Britney & Kevin: Chaotic
Upon watching Britney and Kevin: Chaotic, the latest addition to the peeping Tom genre, one of the finest uses for television ever in my opinion. I was struck by how this was the crowning jewel of the celeb watch. I have a soft spot for Jessica Simpson, because I think she's funny in a natural way, and smarter than you think, (and I caught a glimpse of her in the Abercrombie and Fitch at the mall here in town when she was here filming "Dukes of Hazzard", so we have a connection, ya know) and Ozzy Osbourne is one of the better paternal role models on TV since Homer Simpson. Both obviously, glaringly flawed, but engaged with their kids in an actual way that no sitcom dad in recent memory has been, not even the 7th Heaven dad. And forget that cipher of a show with the boring drummer from Blink 182: there is the usual reality of celebrity - they are boring and have money and spend it on boring things - wheeeeee!
Chaotic on its premier episode hold promise in that you see both sides of America's ex-girlfriend-they-still-talk-about-all-the-time Britney Spears. We see the completely detached from reality Britney, with the patently unattractive stage-ware and the wait-where-are-her-nipples-anyway cleavage in her interview segments and the manic wielding of the camcorder, interrupting any possible response to the mildly embarrassing questions she poses with turning it on herself to capture her panicked laughter. On the other hand, you do get a taste of the goofy girl in the gilded cage who despite having the world at her fingertips still chooses to make her own fun.
Now for Kevin. He is like Britney in that people love to tsk tsk like Baptists when their names are mentioned. "How dare he leave his pregnant girlfriend for Britney?" we pretend to ask the cosmos, shaking our little fists, but really, we know that guy. He was most likely going to leave her for no one at all, for a friend's couch and an XBOX. Add in the fact that Britney Fucking Spears, someone so out of his league socially that she is a merely a hyperbolic metaphor for out-of-his-league wants to take him around the world and fuck him a bunch of times a day in hotel suites bigger than the apartment in which he was going to ditch his baby and baby mama: well, seems like a no brainer even for a no brainer. And that baby is actually going to be taken care of financially now, if only by some underlayer of Britney's financial empire, but in better shape than if he'd stayed.
The priceless moments in the show are his soliloquies on love to the camera, trying all he can to look serious and not bust out laughing. he is perfectly aware of his situation of being a kept man, a cultural punchline, but his hazy bong hit stare relays the message back "Sweeeeet..." he knows its probably not going to last, but he knows he can ride the aftermath for quite some time. The hush money at the demise of their relationship will be more than any of us would know what to do with.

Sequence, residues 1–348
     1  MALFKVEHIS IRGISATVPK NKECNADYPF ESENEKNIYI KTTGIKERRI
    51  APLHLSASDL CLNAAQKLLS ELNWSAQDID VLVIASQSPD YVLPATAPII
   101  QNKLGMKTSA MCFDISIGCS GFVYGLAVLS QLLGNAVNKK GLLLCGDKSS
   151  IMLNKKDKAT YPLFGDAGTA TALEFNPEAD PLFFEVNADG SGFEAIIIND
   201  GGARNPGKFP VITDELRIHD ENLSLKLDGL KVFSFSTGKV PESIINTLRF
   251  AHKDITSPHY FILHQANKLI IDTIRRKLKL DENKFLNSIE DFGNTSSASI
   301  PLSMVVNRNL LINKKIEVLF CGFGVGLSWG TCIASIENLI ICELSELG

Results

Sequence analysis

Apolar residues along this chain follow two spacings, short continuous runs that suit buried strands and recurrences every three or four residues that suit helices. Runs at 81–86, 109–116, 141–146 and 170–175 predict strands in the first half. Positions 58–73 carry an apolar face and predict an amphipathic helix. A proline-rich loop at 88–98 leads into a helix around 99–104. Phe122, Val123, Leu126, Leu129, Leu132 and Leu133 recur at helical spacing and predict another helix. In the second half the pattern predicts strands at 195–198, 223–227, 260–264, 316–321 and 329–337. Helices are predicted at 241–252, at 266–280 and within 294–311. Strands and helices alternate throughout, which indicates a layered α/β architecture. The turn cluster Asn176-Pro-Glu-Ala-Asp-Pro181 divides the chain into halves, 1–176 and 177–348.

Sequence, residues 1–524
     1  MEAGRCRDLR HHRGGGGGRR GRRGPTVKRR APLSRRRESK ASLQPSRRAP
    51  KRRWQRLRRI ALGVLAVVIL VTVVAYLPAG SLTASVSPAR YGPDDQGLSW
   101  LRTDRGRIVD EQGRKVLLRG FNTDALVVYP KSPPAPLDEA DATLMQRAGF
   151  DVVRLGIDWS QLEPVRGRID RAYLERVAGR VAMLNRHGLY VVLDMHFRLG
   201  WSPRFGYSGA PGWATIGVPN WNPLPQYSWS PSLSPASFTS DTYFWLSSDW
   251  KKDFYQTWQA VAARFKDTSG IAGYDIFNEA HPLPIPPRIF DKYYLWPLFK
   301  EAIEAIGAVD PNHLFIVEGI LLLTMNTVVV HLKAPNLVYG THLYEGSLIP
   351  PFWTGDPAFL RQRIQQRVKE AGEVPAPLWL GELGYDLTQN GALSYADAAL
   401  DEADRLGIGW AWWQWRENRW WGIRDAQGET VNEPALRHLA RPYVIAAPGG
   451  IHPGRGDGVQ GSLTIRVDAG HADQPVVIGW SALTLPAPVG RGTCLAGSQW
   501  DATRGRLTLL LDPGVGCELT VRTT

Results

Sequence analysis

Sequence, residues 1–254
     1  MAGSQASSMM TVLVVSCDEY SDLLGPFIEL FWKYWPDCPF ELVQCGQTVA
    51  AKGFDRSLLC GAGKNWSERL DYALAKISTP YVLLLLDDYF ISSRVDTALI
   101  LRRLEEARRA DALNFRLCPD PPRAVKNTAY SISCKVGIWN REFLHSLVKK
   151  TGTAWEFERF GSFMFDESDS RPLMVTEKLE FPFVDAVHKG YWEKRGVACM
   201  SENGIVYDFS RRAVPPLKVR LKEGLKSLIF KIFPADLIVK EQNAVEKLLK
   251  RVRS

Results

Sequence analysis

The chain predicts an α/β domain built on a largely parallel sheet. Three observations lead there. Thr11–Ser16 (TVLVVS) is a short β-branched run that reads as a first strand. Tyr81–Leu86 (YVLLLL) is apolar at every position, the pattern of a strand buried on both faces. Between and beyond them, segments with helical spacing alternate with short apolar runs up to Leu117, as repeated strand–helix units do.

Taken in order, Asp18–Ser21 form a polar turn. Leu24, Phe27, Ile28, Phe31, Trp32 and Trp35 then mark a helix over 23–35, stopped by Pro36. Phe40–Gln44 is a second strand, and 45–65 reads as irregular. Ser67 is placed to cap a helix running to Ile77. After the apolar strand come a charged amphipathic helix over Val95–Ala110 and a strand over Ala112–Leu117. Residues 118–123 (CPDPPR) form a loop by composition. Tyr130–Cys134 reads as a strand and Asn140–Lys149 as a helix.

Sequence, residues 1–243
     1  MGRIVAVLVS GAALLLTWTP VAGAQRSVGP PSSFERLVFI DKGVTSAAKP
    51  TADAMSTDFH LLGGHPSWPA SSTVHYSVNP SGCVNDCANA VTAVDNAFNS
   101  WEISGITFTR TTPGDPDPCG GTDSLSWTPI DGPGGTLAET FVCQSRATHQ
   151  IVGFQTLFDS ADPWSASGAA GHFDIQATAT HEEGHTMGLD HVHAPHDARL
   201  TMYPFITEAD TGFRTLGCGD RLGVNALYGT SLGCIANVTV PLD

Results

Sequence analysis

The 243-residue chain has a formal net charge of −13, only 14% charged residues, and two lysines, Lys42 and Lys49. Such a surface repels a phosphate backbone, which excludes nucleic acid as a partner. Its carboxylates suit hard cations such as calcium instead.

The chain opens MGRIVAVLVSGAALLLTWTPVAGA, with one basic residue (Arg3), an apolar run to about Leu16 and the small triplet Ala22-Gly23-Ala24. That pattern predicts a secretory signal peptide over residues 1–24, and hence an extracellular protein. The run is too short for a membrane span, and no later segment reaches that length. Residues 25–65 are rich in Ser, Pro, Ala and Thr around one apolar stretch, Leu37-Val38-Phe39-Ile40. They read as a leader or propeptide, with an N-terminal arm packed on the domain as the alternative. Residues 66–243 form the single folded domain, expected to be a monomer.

What I'm getting at here is that out of all the reality celeb business going on, I feel I can relate to them more than the others. Are they "trashy?" Perhaps, but I'd honestly say I would be the most gloriously trashy person on the planet if I had that kind of money. I'd have a solid gold Eddie Bauer special edition Double-wide with platinum rims on the freaking moon. And I'd take my reconditioned Russian shuttle down to Taco Bell and get one of everything. Four-star restaurants? What-everrrrr, lets listen to the Eminem tape and take the double size Expedition to the place with the best Bar-b-Que on the continent (which is Gate's BBQ in Kansas City, by the way. One of the only saving graces of that torpid toad of a city). Its an abuse of power I can really appreciate in understand. She's a lot like Bill Clinton, lambasted for not living up to an imaginary standard of restraint and civility when the world is their eager playground, but I'd have to say, if I had the personal force they had to become that huge, I'd be right up there wallowing in my excesses with them.
Alex V. Cook listens to everything and writes about most of it. His latest book, the snappily titled Louisiana Saturday Night: Looking for a Good Time in South Louisiana's Juke Joints, Honky-Tonks, and Dance Halls is an odyssey from the backwoods bars and small-town dives to the swampside dance halls and converted clapboard barns of a Louisiana Saturday Night. Don't leave Heathrow without it. His first book Darkness Racket and Twang is available from SideCartel. The full effect can be had at alex v cook.com
Memories are Now, is a bold and inventive collection from Jesca Hoop who says each new record begins with a musical identity crisis